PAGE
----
ASHISH: How is your studio, Zetta Studios, revolutionizing accessibility?
KEELY: “I truly believe that if you create an accessible space, it will shift and lift oppression, and change the culture within that space. I think that oftentimes we talk about creating an inclusive environment that sometimes we just miss the very basic parts of accessibility. What if people don’t all have the same entrance? What if people feel excluded because they can’t sit at one of the lunch tables? I think a physical space has so much impact on that. The studio is really revolutionizing what accessibility looks like and what an inclusive environment looks like. By creating a space that is designed with everybody in mind, then we can start to have this location that influences everything that is made within it and hopefully beyond.”
ASHISH: In an interview with Forbes, you said that you hope to hire additional managers to your company, specifically people of color. How are you doing that, and what other things are you doing to increase diversity and inclusion in your industry?
KEELY: “When I first started to C Talent, I knew I wanted to hire a majority of people with disabilities (95%). I really wanted to take the opportunity of diversity with integrity, but something I missed was intersectionality. The Black Lives Matter protests were a big wake up call for me, as well as for many, to look at diversity. I wanted to look into diversity not only in the disability field, but then I realized that diversity goes so much further than one minority group or one marginalized community. In the beginning, we barely made an effort to become intersectional and look at all cultures and all minorities, but now this is a big focus for us.”
ASHISH: What does “empathy” mean to you?
KEELY: I think empathy is trying to see through the lived experiences of others, while still recognizing that you will never be able to experience what they have experienced. My boyfriend actually opened up my eyes to what he felt as a Black man during the BLM protests and that he was experiencing generational oppression. During that time, Irealized how privileged I am, living my life with no idea that that was even happening. Then, I thought of the education systems and this massive systemic problem that we consistently face. I was just looking at it from my perspective of people who have a disability, which is so important, but what about Black disabled people? What about, Asian disabled people? What about one of these other things that I just completely looked past? Empathy is trying to look past your own experiences and getting in the shoes of others while recognizing and making it very clear that you’ll never be able to physically experience what they have to.”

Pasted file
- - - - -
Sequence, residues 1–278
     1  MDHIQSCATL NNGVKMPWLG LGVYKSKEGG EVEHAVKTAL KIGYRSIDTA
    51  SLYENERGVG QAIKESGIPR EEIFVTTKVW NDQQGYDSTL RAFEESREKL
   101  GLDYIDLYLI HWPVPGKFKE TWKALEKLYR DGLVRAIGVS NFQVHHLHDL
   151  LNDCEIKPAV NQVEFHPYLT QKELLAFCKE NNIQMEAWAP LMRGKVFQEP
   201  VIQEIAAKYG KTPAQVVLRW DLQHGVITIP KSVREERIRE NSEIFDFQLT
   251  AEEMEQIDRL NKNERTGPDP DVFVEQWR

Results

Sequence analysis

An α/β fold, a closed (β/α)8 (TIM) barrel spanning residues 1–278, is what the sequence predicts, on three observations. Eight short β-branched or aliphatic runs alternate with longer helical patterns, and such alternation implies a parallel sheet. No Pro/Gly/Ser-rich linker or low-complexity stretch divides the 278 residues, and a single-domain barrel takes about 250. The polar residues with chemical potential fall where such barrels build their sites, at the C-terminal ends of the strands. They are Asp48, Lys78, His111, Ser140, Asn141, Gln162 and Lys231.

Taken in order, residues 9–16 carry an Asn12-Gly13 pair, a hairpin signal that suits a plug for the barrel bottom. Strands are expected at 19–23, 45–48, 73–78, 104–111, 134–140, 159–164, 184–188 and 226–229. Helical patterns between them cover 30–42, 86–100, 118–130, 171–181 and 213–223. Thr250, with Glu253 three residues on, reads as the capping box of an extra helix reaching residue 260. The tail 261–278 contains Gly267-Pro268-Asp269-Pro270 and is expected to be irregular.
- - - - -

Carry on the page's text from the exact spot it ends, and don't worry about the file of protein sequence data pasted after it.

ASHISH: Can you tell us about the Fair Labor Standards Act, and your fight against this statute.
KEELY: “About a year ago, I learned about the law code called the 14 C, which is a law that still allows disabled people to be legally paid subminimum wage. On average around 300,000 people in America work on $3 an hour, which is obviously criminally low. There are even some people who earn 70 cents an hour and it’s legal. We are trying to eliminate the 14 C and make it very clear that disabled people are worthy of getting paid the same as everybody else. It shouldn’t be legal to pay people subminimum wage. This law also shows the way that society views disabled people which has a massive effect on people’s mental health and beyond. It has a domino effect on everything.”
ASHISH: What is one action step, or Microprogression™ as we call it at Consciously Unbiased, that people can take to build belonging for people with disabilities?
KEELY: “Accept access requirements as an ultimatum, not an option. They are not negative, they are not going to cost you a whole load of money, just do it. Don’t reply to people, frustratingly or in a grumpy manner when they ask for captions or they ask for an ASL interpreter, just accept it.”
Disney Movie: Luca